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2012 February 6 - 12:00 am


  • La. Colleges Offer Free Workforce Training

MONROE, La. (AP) — Louisiana Delta Community College and Northeast Louisiana Technical College are offering free industrial training in collaboration with Northeast Louisiana Workforce Centers, Inc.

This will be the last semester people can take the Certified Manufacturing Specialist training at no cost. Bob Hammack, director of workforce development at Delta, said the program has been offered for free over the past three years because of a Community-based Job Training Grant awarded to Northeast Louisiana Workforce Centers. The grant is about to run out.

“The intent was to create a quality work force for industry in the manufacturing sector,” he said. “The result of that grant has been outstanding.”

Hammack told The News-Star that more than 250 people have been trained in the CMS program.

“This is an incredible opportunity. CMS has been identified by a number of manufacturing businesses in the area as a key component to provide quality workers,” Hammack said. “Companies recognize our completers left and right, so it gives them an edge in getting a job.”

Anyone with a high school degree or GED is eligible, he said.

  • Ohio Leader Wants To Embed Benchmarks

CLEVELAND (AP) — The overseer of Ohio’s higher education system is proposing that students should get a career-readiness certificate after one year of college and an associate degree after two years, even if they’re working toward a four-year degree.

Ohio Board of Regents Chancellor Jim Petro’s priorities include retaining more students and helping more to graduate, The Plain Dealer in Cleveland reported.

“Clearly there has to be a motivational weakness that causes a student to start college and not finish,” Petro said. “The notion is to give recognition at every stage of the program.”

Petro recently told the board he wants to implement a number of programs this year, even if university officials are opposed. He said he’ll start with pilot programs at Central State University and Shawnee State University, which have low graduation rates.

  • Alternative Paths For Fla. Teachers Called Success

TALLAHASSEE, Fla. (AP) — A new report concludes Florida’s alternative teacher preparation programs are succeeding.

A survey of principals and teachers found few differences in preparedness between teachers with education degrees and those who went through the alternative programs in 2009-10.

Florida State University researchers surveyed 854 teachers and 476 principals.

The alternative programs for those with non-education degrees are offered by school districts, Florida’s 28 state and community colleges, four state universities and one private university.

The survey found higher percentages of men and people over 30 years old completed the alternative programs.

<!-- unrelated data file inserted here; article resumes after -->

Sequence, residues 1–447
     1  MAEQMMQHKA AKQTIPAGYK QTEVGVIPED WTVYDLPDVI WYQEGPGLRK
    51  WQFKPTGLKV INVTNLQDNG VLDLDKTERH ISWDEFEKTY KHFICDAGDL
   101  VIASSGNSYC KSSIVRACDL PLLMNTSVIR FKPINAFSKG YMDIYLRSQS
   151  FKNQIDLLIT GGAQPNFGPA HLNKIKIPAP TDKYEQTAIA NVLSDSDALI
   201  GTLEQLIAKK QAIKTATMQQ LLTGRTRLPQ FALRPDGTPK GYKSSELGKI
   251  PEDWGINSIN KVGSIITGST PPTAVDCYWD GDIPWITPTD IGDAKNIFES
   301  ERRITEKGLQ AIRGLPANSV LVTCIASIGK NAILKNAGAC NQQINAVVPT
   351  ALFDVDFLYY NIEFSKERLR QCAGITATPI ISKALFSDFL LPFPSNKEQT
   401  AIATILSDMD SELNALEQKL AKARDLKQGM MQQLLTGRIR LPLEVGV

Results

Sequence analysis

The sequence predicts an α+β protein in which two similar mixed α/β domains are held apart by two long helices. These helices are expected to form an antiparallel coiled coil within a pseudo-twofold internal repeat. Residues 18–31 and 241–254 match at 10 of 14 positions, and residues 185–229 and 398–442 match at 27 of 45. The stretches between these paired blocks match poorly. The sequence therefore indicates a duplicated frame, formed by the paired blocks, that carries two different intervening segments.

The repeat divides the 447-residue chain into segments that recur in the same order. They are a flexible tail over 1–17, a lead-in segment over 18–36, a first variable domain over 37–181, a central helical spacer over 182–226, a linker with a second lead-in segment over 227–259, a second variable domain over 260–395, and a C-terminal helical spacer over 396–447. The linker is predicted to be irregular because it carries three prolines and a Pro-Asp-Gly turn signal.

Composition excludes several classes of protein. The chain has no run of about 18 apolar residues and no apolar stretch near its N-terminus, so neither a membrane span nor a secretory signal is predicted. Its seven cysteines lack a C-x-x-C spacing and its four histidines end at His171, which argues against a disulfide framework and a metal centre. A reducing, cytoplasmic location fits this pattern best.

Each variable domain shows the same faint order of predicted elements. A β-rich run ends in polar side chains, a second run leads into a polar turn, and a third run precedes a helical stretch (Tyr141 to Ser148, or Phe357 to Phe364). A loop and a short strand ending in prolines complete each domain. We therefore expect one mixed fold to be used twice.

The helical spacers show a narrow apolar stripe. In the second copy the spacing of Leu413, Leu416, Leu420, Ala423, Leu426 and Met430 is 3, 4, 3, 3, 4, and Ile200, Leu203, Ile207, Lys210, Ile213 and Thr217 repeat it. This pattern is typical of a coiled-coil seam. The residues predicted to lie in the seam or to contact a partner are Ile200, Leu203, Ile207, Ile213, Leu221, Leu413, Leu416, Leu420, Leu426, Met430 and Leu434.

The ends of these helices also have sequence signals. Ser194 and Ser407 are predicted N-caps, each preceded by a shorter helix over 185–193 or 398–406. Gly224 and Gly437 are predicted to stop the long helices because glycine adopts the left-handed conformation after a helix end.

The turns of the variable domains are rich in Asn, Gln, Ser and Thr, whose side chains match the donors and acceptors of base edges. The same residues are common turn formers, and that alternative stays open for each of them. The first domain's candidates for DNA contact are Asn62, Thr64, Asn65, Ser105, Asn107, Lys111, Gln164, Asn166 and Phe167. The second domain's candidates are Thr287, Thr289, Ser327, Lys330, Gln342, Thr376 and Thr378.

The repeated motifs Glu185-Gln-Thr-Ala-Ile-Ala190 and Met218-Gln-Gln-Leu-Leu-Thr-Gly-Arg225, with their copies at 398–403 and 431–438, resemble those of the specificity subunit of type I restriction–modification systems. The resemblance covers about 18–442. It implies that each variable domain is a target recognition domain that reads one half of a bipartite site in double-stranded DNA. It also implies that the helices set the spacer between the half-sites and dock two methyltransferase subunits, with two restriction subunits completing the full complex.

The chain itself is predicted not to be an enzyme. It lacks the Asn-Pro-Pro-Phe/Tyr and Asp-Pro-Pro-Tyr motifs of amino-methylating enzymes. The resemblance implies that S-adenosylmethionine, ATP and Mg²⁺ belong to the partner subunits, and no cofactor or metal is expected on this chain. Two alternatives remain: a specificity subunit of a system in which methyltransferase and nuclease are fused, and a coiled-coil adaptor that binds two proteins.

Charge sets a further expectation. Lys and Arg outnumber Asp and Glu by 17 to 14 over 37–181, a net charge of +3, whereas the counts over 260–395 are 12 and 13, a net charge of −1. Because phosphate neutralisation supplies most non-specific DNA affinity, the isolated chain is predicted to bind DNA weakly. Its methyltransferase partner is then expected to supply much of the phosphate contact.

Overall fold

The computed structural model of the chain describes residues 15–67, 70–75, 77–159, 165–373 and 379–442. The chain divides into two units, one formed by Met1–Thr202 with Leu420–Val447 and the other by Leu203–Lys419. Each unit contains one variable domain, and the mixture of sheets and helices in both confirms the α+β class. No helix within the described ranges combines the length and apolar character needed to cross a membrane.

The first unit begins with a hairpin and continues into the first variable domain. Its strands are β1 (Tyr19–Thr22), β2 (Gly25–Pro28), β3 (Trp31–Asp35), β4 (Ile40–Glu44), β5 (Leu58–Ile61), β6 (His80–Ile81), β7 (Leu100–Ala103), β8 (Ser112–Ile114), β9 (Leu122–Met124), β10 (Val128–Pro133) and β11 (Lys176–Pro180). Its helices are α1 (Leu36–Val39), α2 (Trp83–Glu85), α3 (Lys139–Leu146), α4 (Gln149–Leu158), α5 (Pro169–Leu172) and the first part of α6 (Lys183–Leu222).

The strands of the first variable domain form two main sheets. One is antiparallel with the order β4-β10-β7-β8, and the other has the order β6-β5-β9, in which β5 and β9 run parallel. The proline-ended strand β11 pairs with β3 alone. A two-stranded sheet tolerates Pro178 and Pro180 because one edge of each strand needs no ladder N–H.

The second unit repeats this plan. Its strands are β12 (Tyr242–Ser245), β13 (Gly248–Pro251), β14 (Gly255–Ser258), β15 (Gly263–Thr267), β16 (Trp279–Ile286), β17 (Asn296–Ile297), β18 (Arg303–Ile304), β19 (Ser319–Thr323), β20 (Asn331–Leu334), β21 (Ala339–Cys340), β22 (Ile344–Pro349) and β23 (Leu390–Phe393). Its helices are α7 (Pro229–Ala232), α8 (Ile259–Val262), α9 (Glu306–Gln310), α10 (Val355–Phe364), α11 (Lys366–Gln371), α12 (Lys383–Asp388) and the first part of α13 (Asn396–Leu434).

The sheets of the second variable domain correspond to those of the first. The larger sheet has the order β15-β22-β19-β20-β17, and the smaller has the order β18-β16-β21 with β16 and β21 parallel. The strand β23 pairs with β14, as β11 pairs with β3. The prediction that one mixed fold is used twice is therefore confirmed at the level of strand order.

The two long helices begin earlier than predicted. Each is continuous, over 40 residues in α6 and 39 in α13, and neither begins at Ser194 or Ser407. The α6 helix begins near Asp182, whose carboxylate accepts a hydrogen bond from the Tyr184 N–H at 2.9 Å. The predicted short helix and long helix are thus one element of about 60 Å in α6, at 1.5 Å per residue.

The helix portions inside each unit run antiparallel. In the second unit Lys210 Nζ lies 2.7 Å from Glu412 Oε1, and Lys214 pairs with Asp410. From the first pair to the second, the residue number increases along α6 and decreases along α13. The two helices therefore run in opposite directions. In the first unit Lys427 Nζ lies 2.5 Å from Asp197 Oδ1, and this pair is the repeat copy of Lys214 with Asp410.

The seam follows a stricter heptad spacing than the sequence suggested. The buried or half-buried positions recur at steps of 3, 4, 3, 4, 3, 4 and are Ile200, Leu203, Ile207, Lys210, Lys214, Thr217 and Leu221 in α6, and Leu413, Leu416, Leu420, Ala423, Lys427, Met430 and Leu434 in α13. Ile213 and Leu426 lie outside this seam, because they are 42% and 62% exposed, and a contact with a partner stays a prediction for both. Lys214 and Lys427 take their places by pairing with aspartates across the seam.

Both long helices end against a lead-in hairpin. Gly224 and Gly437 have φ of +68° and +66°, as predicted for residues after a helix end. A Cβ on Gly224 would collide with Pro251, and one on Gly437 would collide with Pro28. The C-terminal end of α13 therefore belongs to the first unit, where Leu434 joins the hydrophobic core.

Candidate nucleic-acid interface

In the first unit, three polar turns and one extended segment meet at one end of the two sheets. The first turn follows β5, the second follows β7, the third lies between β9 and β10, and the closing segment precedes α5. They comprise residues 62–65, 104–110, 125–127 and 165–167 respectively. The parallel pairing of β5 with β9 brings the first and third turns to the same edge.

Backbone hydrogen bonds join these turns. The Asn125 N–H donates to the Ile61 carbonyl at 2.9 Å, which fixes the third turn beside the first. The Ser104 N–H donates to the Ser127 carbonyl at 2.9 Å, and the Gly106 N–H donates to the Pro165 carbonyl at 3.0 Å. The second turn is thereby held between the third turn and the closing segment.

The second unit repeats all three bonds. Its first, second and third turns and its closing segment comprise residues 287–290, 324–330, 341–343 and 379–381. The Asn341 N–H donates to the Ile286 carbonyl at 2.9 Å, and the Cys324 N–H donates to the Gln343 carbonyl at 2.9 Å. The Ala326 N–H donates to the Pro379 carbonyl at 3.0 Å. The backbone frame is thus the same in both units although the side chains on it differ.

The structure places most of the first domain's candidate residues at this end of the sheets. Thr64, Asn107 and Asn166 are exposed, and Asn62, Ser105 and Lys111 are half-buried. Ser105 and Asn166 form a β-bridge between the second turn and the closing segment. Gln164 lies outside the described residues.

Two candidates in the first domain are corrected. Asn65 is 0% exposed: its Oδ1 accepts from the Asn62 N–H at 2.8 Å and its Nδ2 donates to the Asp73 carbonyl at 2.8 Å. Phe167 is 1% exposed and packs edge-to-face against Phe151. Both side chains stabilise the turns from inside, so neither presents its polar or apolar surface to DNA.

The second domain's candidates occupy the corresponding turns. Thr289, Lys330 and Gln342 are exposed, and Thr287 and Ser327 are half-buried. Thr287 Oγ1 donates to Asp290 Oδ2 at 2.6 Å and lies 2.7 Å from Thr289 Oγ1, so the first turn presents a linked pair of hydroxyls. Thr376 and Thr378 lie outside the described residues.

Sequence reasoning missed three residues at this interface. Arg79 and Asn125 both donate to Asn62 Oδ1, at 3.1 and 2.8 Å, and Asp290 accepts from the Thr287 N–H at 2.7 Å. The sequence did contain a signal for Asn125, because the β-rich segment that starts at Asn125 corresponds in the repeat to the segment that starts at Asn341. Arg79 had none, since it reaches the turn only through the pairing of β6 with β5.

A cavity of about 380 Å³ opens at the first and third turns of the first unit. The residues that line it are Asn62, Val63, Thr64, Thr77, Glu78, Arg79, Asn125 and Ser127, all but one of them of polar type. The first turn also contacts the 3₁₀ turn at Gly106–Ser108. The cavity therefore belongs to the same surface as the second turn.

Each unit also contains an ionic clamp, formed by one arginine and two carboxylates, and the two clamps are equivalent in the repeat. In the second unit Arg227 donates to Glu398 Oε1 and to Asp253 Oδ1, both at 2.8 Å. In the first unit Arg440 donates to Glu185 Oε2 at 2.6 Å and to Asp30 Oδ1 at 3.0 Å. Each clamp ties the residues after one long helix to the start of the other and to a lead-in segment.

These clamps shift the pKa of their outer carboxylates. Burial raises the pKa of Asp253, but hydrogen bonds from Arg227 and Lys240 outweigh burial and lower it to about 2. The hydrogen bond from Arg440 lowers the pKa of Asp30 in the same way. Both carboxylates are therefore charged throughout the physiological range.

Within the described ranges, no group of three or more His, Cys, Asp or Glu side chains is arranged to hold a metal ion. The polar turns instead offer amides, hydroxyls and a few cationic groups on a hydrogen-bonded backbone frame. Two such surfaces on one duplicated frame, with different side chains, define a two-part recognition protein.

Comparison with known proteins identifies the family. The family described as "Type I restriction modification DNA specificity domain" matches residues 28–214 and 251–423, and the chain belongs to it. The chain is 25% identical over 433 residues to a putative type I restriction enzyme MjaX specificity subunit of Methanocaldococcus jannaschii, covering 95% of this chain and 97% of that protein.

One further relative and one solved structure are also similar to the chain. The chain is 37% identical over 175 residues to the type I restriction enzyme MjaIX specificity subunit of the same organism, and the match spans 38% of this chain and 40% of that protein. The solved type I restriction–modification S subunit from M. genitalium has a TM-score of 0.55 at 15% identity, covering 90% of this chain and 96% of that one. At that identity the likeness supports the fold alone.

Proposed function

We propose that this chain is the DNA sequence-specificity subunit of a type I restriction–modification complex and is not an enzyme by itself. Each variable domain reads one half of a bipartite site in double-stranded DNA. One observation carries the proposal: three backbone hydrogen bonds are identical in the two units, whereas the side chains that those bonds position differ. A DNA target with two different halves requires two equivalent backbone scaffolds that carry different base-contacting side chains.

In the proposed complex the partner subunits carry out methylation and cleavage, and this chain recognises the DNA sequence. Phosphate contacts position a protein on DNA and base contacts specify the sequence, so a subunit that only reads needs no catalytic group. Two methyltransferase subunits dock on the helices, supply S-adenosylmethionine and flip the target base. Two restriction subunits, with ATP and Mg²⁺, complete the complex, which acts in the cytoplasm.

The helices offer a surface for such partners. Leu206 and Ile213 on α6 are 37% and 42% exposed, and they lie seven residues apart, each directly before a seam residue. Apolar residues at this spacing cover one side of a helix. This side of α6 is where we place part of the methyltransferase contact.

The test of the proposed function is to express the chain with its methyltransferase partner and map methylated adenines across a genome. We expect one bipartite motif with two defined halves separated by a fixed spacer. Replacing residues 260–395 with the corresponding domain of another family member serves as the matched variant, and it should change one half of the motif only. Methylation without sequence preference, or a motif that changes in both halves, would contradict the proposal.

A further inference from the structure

The alternative programs also produced higher percentages of teachers in critical need areas such as math and science than did the traditional teacher preparation programs.

  • Minn. College Campuses Form New Alliance

BEMIDJI, Minn. (AP) — About 20 colleges and universities in northern Minnesota have formed an alliance to better meet needs in that part of the state.

Presidents of the institutions have begun discussions on how to do more collaborating and less competing. Minnesota State University Moorhead President Edna Syzmanski says talks will focus on their regional economy and how to better serve their students.

Northland Community and Technical College President Anne Temte says two-year colleges want to bring the opportunity for four-year degrees to their communities. Minnesota State Community and Technical College Interim President Peggy Kennedy says establishing university centers on two-year campuses is a possibility.

The Bemidji Pioneer says community college students could go to those centers to get information about bachelor’s degrees and take some four-year classes.

  • New Men’s Dorm Approved at Miss. College

Summit, Miss. (AP) — College trustees have approved a new men’s dormitory at Southwest Mississippi Community College.

The Enterprise-Journal reports trustees approved architectural plans for a four-story, $11 million dormitory from Tupelo’s Architecture South.

The school has yet to field bids for any of the work, and college officials said it could be another year before construction begins.

The dorm would be completed in two phases.

The first includes building a 110-bed facility at an estimated cost of $6.4 million. The second phase includes adding space for another 108 beds at an estimated cost of $4.4 million. .

  • Chicago Colleges Ban Tobacco On All Campuses

CHICAGO (AP) — Campuses of the City Colleges of Chicago will be tobacco-free zones starting March 1.

The City Colleges’ Board of Trustees recently a new policy prohibiting tobacco use on all college property. The ban includes smokeless tobacco products, and affects more than 120,000 students and 5,800 faculty and staff.

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